Sunday, April 18, 2010

What I Learned from the Case of Freddie Driggs

Until yesterday I had no idea little Freddie Driggs existed or that he belonged in my family tree.

Yesterday morning I anticipated attending the meeting of the DAR down at the South Bend Public Library.  Upon arrival we discovered that the lady holding the meeting needed to cancel and reschedule.  Not wanting to waste the morning I asked Libby to direct me to the holdings for Wabash County Indiana.  I didn't anticpate finding much, after all the library is in St. Joseph County.  However, I was pleasantly surprised when Libby showed me a shelf of books pertaining to Wabash County.  Among them was a true gem "Wabash County Indiana Marriages 1835-1899".

I sat up my laptop and spent the next three hours entering marriage dates into my Family Tree Maker program.  For those marriages I couldn't yet connect to my family I entered the information into a word document knowing that down the road I may find the connections.  Among those I transcribed was one for:

Driggs, Asa  married Scott, Ida M. 31 Oct. 1889, Wabash County, Indiana

I am related through the Scott family and in my tree I did have an Ida M. Scott whose birth date may fit this marriage date but I was reluctant to make that connection just yet.

Later in the evening while watching a movie with my husband and baking chocolate chips cookies (I am the queen of multi-tasking!) I pulled out the old Brane Family bible intending to transcribe the births, marriages and deaths that my great-great Grandmother, Marilla Scott Brane, had glued and taped (yicks!) to the inside front of the bible.

This is one of the items I found cut out of the newspaper:

A large number of sympathizing relatives and friends attended the funeral of Frederick Earl Driggs at the M.E. chuch Friday torenoon. Rev. O.V.L. Harbour preached an excellent, comforting sermon from the words of David in 2 Samuel XII 23, "I shall go to him but he shall not return me." The choir feelingly sang "Rock of Ages," "Asleep in Jesus" and "Nearer My God to Thee." The pallbearers were classmates of Freddie and were preceded by six little girls in white, with arms full of beautiful flowers. Freddie' classmates, the Junior League, The Ladies Aid Society and my O.M. Bevington and family all sent beautiful flowers to the bereaved family. The stores were closed during the service. The remains were laid to rest in Park cemetery.

Then I found this cut from the paper:

Card of Thanks

Asa Driggs and family desire in this manner to express their thanks to the many friends and neighbors who assisted them so kindly during the sickness and death of little Freddie, also for the beautiful floral offerings given.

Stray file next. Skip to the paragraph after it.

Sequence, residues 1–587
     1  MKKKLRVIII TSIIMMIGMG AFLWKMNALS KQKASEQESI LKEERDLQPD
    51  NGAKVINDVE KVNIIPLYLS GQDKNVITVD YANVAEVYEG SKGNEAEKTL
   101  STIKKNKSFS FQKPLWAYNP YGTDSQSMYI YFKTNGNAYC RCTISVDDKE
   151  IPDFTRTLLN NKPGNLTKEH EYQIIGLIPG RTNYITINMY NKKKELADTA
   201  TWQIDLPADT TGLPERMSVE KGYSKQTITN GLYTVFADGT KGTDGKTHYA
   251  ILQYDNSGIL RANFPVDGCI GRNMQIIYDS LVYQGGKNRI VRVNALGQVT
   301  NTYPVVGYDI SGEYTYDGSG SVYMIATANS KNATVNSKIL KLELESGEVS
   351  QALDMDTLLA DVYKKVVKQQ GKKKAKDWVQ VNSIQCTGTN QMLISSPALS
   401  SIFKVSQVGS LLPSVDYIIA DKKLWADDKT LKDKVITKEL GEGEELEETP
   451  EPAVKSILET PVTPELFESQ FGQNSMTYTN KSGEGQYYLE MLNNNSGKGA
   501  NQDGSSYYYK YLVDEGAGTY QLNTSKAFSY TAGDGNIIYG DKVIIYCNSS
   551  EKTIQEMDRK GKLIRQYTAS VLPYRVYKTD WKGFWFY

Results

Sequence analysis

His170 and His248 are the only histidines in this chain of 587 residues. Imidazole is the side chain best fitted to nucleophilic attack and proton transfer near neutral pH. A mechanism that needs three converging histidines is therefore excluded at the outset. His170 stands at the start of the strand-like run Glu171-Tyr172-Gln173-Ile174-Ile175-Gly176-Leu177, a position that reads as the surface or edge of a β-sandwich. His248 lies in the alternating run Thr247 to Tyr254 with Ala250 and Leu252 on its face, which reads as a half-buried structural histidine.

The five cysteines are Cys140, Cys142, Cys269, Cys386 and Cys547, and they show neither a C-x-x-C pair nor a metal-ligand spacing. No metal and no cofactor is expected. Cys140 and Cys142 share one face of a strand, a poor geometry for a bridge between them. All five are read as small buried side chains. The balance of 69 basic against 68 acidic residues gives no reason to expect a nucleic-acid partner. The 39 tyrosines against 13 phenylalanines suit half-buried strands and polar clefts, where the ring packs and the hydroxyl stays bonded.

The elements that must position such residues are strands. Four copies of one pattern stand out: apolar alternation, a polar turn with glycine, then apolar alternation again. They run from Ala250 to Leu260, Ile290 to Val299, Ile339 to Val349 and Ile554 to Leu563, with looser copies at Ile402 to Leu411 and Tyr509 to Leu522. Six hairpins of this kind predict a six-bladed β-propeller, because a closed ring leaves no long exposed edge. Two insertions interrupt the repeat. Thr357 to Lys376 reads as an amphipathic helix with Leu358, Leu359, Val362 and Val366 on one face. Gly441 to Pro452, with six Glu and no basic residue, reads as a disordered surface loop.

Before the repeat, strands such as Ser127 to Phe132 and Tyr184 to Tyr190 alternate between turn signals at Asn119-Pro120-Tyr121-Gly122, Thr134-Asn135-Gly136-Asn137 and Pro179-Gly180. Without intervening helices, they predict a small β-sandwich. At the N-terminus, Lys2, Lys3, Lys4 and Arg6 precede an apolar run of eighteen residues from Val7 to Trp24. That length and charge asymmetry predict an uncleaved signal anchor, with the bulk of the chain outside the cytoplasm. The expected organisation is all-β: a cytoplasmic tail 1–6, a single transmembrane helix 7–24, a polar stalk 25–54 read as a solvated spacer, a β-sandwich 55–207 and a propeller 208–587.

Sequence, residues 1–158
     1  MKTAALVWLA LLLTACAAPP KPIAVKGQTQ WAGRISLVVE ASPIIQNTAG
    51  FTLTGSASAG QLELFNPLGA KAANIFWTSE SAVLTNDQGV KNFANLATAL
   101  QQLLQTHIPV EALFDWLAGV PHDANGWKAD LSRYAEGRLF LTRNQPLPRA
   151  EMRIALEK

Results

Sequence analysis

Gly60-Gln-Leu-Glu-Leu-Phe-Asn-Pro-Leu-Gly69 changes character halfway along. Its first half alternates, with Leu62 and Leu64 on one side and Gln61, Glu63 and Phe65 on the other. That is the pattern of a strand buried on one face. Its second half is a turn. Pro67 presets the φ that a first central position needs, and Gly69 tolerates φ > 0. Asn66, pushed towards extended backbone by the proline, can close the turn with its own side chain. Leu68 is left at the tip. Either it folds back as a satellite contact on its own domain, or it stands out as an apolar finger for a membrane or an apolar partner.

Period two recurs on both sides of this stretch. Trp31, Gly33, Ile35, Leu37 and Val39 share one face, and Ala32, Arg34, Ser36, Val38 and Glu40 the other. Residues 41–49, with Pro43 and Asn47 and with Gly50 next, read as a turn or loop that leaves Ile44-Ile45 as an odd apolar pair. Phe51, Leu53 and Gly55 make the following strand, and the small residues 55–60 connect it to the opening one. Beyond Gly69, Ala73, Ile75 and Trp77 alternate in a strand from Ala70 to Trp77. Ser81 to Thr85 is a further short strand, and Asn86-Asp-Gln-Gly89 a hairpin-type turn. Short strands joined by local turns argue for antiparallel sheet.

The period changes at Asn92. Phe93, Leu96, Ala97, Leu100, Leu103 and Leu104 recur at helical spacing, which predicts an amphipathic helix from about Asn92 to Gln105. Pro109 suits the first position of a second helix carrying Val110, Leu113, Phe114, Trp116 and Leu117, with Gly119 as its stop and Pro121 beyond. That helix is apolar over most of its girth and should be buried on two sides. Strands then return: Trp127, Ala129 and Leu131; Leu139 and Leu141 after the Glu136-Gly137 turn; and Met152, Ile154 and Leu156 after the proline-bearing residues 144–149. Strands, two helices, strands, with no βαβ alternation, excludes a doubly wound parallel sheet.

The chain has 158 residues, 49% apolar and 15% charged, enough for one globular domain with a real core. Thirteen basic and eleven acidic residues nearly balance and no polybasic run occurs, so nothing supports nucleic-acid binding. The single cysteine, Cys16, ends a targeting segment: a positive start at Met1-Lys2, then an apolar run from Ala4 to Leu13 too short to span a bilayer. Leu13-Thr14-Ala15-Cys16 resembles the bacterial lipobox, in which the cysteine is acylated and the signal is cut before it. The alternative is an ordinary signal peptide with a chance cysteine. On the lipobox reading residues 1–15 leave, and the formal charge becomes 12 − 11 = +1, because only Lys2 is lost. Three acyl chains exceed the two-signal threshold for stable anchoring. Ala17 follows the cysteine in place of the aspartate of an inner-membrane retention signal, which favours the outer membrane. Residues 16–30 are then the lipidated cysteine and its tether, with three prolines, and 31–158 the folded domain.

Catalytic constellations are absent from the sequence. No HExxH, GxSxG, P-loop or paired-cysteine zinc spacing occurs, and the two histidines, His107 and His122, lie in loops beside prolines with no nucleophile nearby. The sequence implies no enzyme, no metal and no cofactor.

Now I felt I had enough evidence to connect Ida M. Scott (my G-G Grandmothers sister) to Asa Driggs
I also learned that Ida and Asa had a son Freddie who died young.  But how young and when did Freddie die?  The newspaper accounts didn't give me too much to go on besides the name of a cemetery, but no town in which it was located.

Next I turned to and looked for a census with Asa and Ida.  Bingo, the 1900 census shows
Asa and Ida in Fairmount, Grant, Indiana with their children Nellie, Fred and Harry.  I now had an estimated date of birth for Fred of 1893.

My next resource was Find A Grave.  I entered Asa Driggs Indiana into the search terms believing that his name was unique enough to limit search results.  And I found it.  Asa Driggs buried in Park Cemetery, Fairmount, Grant, Indiana.  I clicked on "find all Driggs in Park Cemetery" and there was little Freddie.  God bless the volunteer who entered this information into FAG.  He included full birth and death dates for Freddie, 18 Feb 1893 - 13 Jun 1906, which would make him 13 at the time of his death.  I also learned that Freddie and I share a birthdate, February 18th. 

I've added Freddie to the list of graves I want to visit in May when I travel to Wabash County.  I now feel a connection to this little boy (my first cousin 3x removed) and want to pay my respects.

What I learned from Freddie?  You can't get all the information you need from  To get a full picture of Freddie it took a book off the shelf of my local public library, an old family bible, and Find A Grave.  And a desire to learn the story of a little boys death.

Thank you for the lesson Freddie......


  1. Good detective work, Lisa! Your post shows how we need to leave no stone unturned in the search for our ancestors!

  2. Excellent research - this is just the kind of case I love to delve into!

  3. Wow, you've been busy. As soon as my hectic life calms down a bit, I need some lessons from my mentor.